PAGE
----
KUKA Innovation Award 2018

The winners of this year's Innovation Award on the "Real-World Interaction Challenge" have been announced: Team CoAware from Italy was able to convince the international jury with their demonstration in the areas of dynamic human modeling, image processing and interaction control for robots.

Team CoAware wins Innovation Award 2018

The winners of this year's Innovation Award on the "Real-World Interaction Challenge" have been announced: it’s the members of Team CoAware from Italy. The experts from the Istituto Italiano di Tecnologia were able to convince the international jury with their demonstration in the areas of dynamic human modeling, image processing and interaction control for robots. The team can now look forward to a prize of 20,000 euros.

At the booth of the Innovation Award, the team demonstrated how motion and ergonomics can be monitored and optimized in real time through a dynamic model – based on a LBR iiwa and proprietary software. With a gripper hand, the lightweight independently gripped for objects such as a metallic cylinder and led it to a worker who could then handle the workpiece ergonomically using a polishing machine (more on this in the video playlist).

Convinced the jury: Team CoAware from Istituto Italiano di Tecnologia in Italy

"The idea is to make robots collaborate with humans – not to avoid them. This requires a lot of data fusion and is the biggest challenge we have", one of the team members said before the decision was announced.

Team CoAware mastered this challenge convincingly at Hannover Messe 2018.

Innovation Award 2018: See how the finalists excited trade visitors at the Hannover Messe

Real-World Interaction Challenge: The full range of ideas

KUKA is known above all for its versatile and powerful industrial robots. But the sensitive lightweight robot LBR iiwa can also master many tasks that arise in real life. Scenarios that seem not complicated to humans – serving ice cream, combing hair, layering wood or measuring liquids – require the use of complex algorithms and numerous sensors. At the 2018 Innovation Award, the lightweight robots of the finalist teams mastered all these challenges with flying colors:

Team Alberta

The Robot Vision research group from the University of Alberta is working on image guided motion control of robot arms and hands. This team is implementing processes that allow the robot to learn from humans by means of observation, gestures and dialog so that future robot systems will be able to work with humans even in unstructured environments. The goal is for the robot, with this acquired knowledge, to be in a position to grip various everyday objects, workpieces and components and to sort them independently, even if new, unknown objects are included.

"We are thinking the fair is like a window to the future, a place where you can present and discover real innovations. For us, it is a great opportunity to build a bridge between research and industry."

Team Alberta - University of Alberta, Canada

Team CRoW

The team from the Institute for Computational Design and Construction at the University of Stuttgart combines expertise in algorithmic geometry and the development of robot-based material processing systems. In this project, it aims to provide small and medium-sized companies with access to robot-assisted methods of work. The concept comprises a collaborative robot workbench with an augmented reality interface. The project will demonstrate a woodworking scenario in which a robot assists a human.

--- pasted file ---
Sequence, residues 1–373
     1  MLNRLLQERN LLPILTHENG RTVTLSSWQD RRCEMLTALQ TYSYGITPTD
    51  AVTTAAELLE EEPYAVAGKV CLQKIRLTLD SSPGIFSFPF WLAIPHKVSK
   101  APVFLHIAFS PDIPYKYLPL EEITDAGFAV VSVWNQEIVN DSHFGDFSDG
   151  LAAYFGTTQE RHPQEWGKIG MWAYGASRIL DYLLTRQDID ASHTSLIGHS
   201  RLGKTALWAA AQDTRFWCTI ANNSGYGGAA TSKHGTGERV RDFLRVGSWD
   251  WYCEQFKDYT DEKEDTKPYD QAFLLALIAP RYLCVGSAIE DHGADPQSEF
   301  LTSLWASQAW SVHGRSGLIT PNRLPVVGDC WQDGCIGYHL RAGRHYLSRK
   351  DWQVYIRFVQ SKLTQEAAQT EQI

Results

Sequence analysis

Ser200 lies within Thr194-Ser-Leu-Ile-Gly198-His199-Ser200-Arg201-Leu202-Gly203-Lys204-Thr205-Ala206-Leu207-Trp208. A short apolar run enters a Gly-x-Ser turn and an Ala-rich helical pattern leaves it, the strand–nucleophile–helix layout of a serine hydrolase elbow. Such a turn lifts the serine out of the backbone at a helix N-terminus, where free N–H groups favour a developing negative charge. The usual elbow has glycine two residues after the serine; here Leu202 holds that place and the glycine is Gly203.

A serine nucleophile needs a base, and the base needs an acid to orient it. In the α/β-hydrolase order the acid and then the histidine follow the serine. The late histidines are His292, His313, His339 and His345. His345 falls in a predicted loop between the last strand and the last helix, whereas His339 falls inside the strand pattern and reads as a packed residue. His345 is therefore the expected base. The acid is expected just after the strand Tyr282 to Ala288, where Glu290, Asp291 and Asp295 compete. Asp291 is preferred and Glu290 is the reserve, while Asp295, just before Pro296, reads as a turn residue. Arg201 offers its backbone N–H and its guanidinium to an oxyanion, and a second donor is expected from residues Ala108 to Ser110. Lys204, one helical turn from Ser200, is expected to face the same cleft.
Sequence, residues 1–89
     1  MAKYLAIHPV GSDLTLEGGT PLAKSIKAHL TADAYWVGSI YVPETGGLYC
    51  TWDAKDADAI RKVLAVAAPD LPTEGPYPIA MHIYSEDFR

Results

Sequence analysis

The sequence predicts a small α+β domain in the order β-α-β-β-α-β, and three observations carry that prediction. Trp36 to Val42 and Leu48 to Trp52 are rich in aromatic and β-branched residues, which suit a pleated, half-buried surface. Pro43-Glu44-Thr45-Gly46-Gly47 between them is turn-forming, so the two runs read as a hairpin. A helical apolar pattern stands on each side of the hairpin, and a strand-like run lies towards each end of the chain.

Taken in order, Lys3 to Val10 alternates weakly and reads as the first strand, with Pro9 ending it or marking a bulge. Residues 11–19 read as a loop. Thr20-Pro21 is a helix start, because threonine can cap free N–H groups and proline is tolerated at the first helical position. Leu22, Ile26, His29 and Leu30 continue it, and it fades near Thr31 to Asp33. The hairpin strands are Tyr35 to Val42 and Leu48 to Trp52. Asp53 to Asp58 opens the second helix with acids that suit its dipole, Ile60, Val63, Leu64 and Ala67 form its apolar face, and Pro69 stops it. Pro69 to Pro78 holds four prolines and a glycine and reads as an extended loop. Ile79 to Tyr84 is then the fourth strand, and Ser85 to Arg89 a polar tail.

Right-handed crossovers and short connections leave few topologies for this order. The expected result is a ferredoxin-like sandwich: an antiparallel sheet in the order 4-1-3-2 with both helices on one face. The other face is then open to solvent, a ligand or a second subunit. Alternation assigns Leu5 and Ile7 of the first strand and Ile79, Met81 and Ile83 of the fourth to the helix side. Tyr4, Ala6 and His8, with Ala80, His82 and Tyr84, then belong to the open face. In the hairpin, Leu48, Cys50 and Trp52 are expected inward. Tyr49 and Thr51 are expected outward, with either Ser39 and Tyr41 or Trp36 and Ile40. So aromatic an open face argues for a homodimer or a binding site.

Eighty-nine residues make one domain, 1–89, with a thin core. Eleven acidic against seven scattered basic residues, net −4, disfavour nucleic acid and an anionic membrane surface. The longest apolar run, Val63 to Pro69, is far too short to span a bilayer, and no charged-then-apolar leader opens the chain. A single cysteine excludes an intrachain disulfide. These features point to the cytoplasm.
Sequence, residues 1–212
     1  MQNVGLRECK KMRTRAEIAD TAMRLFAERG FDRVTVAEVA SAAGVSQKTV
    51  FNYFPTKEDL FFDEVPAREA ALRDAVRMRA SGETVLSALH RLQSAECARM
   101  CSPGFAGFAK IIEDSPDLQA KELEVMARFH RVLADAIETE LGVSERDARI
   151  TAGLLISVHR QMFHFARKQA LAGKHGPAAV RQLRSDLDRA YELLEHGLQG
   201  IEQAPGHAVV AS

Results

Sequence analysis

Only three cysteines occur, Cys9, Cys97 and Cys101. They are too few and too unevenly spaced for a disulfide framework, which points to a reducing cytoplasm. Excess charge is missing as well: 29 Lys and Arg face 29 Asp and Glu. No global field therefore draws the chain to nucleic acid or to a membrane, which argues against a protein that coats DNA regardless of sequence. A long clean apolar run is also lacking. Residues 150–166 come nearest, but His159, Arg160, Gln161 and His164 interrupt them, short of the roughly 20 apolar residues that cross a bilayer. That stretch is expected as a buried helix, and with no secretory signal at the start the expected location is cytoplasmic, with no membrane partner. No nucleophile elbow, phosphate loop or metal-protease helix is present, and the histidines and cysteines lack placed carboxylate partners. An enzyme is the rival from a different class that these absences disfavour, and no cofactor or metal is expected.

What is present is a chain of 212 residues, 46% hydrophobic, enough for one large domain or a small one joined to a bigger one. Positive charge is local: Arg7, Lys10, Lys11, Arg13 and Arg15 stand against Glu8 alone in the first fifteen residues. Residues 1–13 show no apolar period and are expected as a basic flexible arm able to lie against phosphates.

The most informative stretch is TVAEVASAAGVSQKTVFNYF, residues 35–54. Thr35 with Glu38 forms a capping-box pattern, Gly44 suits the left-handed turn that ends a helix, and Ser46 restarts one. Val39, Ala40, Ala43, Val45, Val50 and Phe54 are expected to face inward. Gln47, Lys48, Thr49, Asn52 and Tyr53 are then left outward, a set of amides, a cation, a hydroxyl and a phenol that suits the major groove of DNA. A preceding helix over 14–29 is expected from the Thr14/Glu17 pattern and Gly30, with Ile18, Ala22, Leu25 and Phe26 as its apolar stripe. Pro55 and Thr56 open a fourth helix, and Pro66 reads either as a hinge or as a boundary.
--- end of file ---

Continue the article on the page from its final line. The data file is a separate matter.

"Existing robotic interfaces and workflows require extensive expert knowledge and experience. We believe that they should radically change. With the help of Augmented Reality, non-expert users should be able to engage with robots as well."

Team CRoW - University of Stuttgart, Germany

Team DynaMaP

The employees of Draper, a non-profit R&D organization, the Robot Locomotion Group at MIT and the Agile Robotics Lab in Harvard, aim to show that robots can orient themselves and execute tasks in unstructured environments. For this, the team uses neural networks to determine the positions and interactive dynamics of objects in the environment. The team’s developments are demonstrated by means of a maintenance task that is typically carried out by a human. 

"If a robot is working next to a person at a cluttered workbench or in a crowded kitchen, it needs to be able to effectively recognize objects and to manipulate them – without really knowing anything about them beforehand.

Team DynaMap - MIT & Harvard University, USA

Team UPEnD

Four researchers from the University of Pennsylvania combine their expertise from various robotics disciplines ranging from image processing and manipulation planning to system integration. The team is tackling the challenges facing a robotic system working with containers filled with liquids and used for exact dosing, for example in the pharmaceutical industry. The robot is controlled using sensors on the robot arm and two stereo cameras.

"We believe that our project really embodies the goal of KUKA: To have robot team mates that can work effectively and safely hand in hand with human colleagues."

Team UPEnD - University of Pennsylvania, USA

KUKA Innovation Award 2018 - The Challenge

This year’s competition focused on robots that can interact outside as well as inside the industrial environment, with emphasis on direct support for humans. The concept and presentation of the applications should be as realistic as possible.

To enable fair comparison of the concepts, KUKA provided each of the final teams with a flexFellow – a mobile robotic unit on which an LBR iiwa (a sensitive lightweight robot for safe human-robot collaboration) is mounted. Beyond this, a 3D vision system from the start-up company Roboception has been available.

Utilizamos cookies para ofrecerle la mejor asistencia en línea. Descubra más.

OK